District and school information include, among other things, resources available for technology, supplies, materials and other needs; class sizes; adequacy of library-media centers, art-music, and extra curricular programs; and support personnel available (NTA’s, nurses, counselors, community laiasons).

       

      Curricular programs and instructional activities

      What are the common types of curricular programs and instructional activities used in classrooms?

      One part of a school or district assessment plan might include examples of the kinds of curriculum, teaching and learning experiences that are incorporated into classrooms and other activities. Suppose, for example, that the school or district promotes inquiry learning. Do teachers in the district use an inquiry learning model in their classrooms? If yes, what does learning look like? What are the essential features of the mathematical curriculum? The reading-language arts curriculum? Are there any special programs in place (e.g. leveled books, writing process, deep learning, competitions) that provide the opportunity for a different type of learning experience for students?

       

      School and program reviews

      How can we increase the amount of “objective” assessment data in order to determine our successes and improve our programs?

      When I was on the staff of the Bucks County Intermediate Unit, an educational service agency in Bucks County, PA, we conducted a number of program reviews for our constituent districts each year. We would enlist a number of teachers, administrators, and experts from across the county and the area to spend three days in a district examining and analyzing all or part of the district’s program. Our final report would list the strengths and needs of the program, and also make suggested recommendations for improving the program.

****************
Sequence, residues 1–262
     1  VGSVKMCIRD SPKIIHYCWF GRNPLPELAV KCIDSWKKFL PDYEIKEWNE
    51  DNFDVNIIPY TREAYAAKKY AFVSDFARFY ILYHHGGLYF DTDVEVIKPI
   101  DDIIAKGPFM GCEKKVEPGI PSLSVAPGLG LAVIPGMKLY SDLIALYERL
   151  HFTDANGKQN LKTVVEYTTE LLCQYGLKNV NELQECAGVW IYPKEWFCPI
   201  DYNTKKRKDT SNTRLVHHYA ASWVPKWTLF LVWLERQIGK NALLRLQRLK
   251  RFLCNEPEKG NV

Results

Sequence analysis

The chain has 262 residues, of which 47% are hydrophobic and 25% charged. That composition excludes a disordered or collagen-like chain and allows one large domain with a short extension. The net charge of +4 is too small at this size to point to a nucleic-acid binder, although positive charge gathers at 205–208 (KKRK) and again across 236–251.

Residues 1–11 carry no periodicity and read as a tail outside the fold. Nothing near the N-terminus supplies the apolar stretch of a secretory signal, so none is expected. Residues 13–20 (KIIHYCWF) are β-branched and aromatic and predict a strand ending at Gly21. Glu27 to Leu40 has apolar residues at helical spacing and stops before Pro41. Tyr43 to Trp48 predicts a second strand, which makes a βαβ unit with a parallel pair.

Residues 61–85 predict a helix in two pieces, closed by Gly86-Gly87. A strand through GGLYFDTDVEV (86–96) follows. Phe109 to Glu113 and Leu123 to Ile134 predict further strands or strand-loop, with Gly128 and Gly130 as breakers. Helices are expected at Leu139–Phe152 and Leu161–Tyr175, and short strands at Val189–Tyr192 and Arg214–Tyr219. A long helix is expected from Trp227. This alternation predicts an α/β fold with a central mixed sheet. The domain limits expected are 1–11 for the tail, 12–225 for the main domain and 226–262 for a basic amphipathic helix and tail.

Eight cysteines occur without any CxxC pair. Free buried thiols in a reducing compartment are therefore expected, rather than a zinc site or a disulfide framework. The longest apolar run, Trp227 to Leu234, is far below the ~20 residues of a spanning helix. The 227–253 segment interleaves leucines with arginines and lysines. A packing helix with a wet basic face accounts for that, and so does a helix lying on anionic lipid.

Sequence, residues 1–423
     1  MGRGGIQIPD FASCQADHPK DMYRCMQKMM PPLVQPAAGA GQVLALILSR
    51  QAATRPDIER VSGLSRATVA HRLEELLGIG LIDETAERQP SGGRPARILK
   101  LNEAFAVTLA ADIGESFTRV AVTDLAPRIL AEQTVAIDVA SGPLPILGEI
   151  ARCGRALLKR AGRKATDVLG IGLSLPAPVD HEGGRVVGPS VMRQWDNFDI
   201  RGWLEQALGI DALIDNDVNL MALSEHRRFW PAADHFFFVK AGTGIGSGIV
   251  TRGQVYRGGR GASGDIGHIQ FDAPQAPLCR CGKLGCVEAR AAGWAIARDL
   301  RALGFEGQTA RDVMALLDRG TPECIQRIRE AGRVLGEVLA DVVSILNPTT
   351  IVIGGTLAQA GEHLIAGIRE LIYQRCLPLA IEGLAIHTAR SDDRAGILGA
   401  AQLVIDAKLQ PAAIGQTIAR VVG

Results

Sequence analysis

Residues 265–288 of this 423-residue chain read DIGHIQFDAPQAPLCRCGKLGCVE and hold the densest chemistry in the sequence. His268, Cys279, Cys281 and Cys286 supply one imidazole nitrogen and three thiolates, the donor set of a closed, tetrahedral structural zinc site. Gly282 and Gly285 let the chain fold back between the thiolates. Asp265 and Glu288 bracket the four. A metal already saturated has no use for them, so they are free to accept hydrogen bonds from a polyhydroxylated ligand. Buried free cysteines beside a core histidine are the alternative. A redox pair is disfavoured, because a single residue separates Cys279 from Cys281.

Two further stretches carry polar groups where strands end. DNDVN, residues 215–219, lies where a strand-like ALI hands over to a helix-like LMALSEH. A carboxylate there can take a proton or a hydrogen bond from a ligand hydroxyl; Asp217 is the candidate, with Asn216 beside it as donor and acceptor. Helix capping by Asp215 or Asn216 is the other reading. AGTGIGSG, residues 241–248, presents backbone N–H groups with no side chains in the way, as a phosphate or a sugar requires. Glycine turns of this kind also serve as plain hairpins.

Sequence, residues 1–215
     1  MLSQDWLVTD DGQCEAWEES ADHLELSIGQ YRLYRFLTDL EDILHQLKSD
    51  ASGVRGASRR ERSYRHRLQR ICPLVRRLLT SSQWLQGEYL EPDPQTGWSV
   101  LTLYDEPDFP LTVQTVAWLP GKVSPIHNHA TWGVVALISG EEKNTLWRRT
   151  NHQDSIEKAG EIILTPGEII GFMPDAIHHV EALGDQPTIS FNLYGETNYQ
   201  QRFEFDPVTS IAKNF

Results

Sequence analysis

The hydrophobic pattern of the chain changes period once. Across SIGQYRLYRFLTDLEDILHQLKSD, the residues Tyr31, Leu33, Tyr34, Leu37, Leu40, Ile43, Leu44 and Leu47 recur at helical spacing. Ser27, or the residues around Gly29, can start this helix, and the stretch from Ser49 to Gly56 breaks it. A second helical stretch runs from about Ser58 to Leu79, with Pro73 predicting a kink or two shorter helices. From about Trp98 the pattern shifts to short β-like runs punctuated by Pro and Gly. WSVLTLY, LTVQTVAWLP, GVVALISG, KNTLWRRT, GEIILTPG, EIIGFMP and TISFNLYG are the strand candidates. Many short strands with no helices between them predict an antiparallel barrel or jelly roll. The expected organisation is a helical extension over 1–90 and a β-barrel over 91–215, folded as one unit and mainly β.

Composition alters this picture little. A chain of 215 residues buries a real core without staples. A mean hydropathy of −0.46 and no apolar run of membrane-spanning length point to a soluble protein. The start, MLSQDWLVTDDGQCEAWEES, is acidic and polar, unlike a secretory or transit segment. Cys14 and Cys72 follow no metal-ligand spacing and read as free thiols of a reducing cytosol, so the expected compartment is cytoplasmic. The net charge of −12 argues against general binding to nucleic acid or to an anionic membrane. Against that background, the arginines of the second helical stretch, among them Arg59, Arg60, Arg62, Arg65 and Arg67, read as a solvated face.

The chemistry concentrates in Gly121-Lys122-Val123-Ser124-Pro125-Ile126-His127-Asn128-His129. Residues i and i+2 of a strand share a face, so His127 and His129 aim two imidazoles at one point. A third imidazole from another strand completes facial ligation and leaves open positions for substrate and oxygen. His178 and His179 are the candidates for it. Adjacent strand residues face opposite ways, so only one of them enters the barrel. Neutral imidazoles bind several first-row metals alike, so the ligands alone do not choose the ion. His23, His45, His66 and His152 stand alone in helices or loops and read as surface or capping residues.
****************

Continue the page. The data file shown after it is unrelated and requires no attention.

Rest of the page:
These types of reviews are extremely valuable for a school or district, especially since an outside agency is conducting the review. It provide a wealth of objective information and data, along with suggestions for improvement, that help to assess a program and provide the impetus for making changes.

       

      Building a Comprehensive Assessment Plan (CAP)

       

      Just as we should expect teachers to build a comprehensive assessment plan to measure student success and achievement in their classes, so should we expect schools and districts to build a Comprehensive Assessment Plan (CAP) that measures both output and input: a broad array of types of achievement, successes, involvement, perceptions, conditions, culture, and resources. The plan should both assess student achievement, growth, and development, and also be useful in improving school conditions and success in the future.

       

      The selection of a set of a core set of assessments, built into a Comprehensive Assessment Plan, may be best determined by each school or district, depending on its resources, options, and viewpoints. My own view is that a combination of student population and school and district conditions-resource data, strong report card and student portfolio data, cornerstone project results, and surveys of and reflections from current students and graduates will provide significant and important data on how well a school or district is doing as well as the conditions under which schools, districts and teachers operate.

       

      In today’s world of e-mails, Internet surveys, smartphones, computers, tablets, much of this data would be relatively easy to collect. Many of these measures, taken together, can become part of a holistic school-district annual report card, presented by a principal or superintendent to school boards and available to the general public. They can be used to identify problems that need to be addressed. They present a much more nuanced picture of how well a school is doing, the qualities of student graduates, what issues a school or district are facing, and what steps need to be taken to improve the results.

       

      Unfortunately, a broad, varied array of assessment data just doesn’t get collected and developed by itself. A school or district needs to assign someone who is responsible for the development, collection, and analysis of this complex data. The person responsible might even be part of a collaborative, regional effort. The development of this more comprehensive approach will also take time to develop, and a long-term goal should be to enable every school and district to develop a significant assessment process for judging success with students and the conditions and resources necessary for success.